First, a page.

To comply with the EU Reception Conditions Directive, use of emergency accommodation has been necessary since September, the department has said. 

“It is not possible to predict how many people may arrive in any given year seeking international protection.”

‘Alternative solutions’

Since September, the cost to the state of providing emergency accommodation has totalled €4.15 million.   

The department has said that it is currently evaluating proposals made by private contractors to provide more emergency accommodation.

DeWan of Nasc has said the department needs “to be looking to alternative solutions to source accommodation that is suited to the needs of people in the protection process and compliant with their statutory obligations under the [EU Directive].

“The current reliance on private contractors is clearly not working and not providing the flexibility the government needs.”

Henderson of the refugee council has said greater attention and resources should also be given to reducing the processing times for asylum seekers in Ireland. 

RIA planned to accommodate people in more permanent direct provision centres but it has not been possible following recent fires at hotels in Moville, Co Donegal and Rooskey on the Roscommon-Leitrim border.

It was announced last week that the department had cancelled plans to open the Shannon Key West Hotel in Rooskey as a direct provision centre. At the time, the Department of Justice said the decision was due to a leasing issue and not related to suspected arson attacks at the former hotel.

‘Radical re-think’ 

Earlier this month, the department announced that Clondalkin Towers direct provision centre, due to close in June, will remain open until at least 2021.

Three other centres are due to open in line with the ‘Independent Living’ model recommended by 2015′s McMahon report, which made 173 recommendations for Ireland’s asylum system.  

The department aims to open more centres in line with this model throughout 2019 and 2020, according to a spokesperson.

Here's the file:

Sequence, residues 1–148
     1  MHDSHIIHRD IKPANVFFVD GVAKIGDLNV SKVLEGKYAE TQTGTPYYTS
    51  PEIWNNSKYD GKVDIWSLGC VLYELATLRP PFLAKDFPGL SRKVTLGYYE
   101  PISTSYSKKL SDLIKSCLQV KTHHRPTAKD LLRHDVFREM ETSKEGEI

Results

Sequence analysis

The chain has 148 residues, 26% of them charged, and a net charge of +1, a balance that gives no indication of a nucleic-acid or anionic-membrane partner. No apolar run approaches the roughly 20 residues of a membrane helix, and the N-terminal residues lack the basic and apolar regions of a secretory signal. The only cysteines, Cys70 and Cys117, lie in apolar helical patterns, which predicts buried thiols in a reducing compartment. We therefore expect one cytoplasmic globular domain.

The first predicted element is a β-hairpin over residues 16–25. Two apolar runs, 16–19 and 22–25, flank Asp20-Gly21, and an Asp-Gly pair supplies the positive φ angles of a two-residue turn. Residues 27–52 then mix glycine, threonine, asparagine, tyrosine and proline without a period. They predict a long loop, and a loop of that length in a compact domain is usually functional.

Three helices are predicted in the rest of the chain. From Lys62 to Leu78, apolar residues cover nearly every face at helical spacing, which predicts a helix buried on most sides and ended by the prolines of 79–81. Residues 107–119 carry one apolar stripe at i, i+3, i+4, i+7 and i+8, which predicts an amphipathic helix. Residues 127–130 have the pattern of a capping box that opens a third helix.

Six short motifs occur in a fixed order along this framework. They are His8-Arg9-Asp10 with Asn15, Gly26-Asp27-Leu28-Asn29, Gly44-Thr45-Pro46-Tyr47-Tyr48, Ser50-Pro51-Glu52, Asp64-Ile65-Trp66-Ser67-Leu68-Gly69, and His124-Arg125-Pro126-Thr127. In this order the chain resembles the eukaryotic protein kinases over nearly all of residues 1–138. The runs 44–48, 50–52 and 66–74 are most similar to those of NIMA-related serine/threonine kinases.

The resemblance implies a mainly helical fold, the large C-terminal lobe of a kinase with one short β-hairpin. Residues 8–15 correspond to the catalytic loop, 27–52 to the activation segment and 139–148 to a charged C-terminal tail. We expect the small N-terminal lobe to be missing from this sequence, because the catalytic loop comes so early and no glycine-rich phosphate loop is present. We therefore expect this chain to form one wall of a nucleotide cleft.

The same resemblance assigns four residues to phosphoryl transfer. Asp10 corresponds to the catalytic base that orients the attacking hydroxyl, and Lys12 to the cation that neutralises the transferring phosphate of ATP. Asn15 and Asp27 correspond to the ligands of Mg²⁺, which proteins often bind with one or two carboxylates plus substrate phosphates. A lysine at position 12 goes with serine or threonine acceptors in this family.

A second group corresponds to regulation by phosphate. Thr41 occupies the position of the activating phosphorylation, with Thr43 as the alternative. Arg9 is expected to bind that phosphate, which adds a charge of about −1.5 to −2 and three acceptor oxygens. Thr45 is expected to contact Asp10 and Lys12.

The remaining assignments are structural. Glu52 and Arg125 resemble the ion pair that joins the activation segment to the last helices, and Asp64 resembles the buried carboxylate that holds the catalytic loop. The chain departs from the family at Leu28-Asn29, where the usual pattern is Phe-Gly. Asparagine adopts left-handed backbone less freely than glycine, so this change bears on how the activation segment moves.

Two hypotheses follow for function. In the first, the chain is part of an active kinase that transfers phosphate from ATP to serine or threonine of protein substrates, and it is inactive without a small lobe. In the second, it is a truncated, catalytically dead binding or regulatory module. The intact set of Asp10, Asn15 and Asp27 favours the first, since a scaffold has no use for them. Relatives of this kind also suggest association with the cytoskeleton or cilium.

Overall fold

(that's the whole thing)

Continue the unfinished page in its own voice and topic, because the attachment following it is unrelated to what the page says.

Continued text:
The Irish Times reported this week, however, that Hatch Hall direct provision centre in Dublin -which currently accommodates over 200 people – is set to be redeveloped into a five-star hotel. 

Green Party justice spokesperson Councillor Roderic O’Gorman has said that the possible closure of Hatch Hall demonstrates the need “for a radical re-think on how we treat asylum applicants as they wait for a determination of their cases here in Ireland”.

“If Hatch Hall closes, it will leave only one direct provision centre – the Clondalkin Towers Hotel – open in Dublin… Soon, all persons who are in direct provision in Dublin may be forced out of the city.”  

A spokesperson for Red Carnation has said that “at present the company is not in a position to provide comment.”

A spokesperson for the department has said that the contract for Hatch Hall is in place until January 2020 and that the department has “not been formally notified of any intention by the contractor to terminate the contract earlier than this date”.

“In the event that an attempt is made to terminate the contract before its expiry date, the Department will take all appropriate steps including seeking to re-accommodate those still in the protection process within RIA’s accommodation portfolio and by providing residents with status or permission to remain with assistance to move on from accommodation.”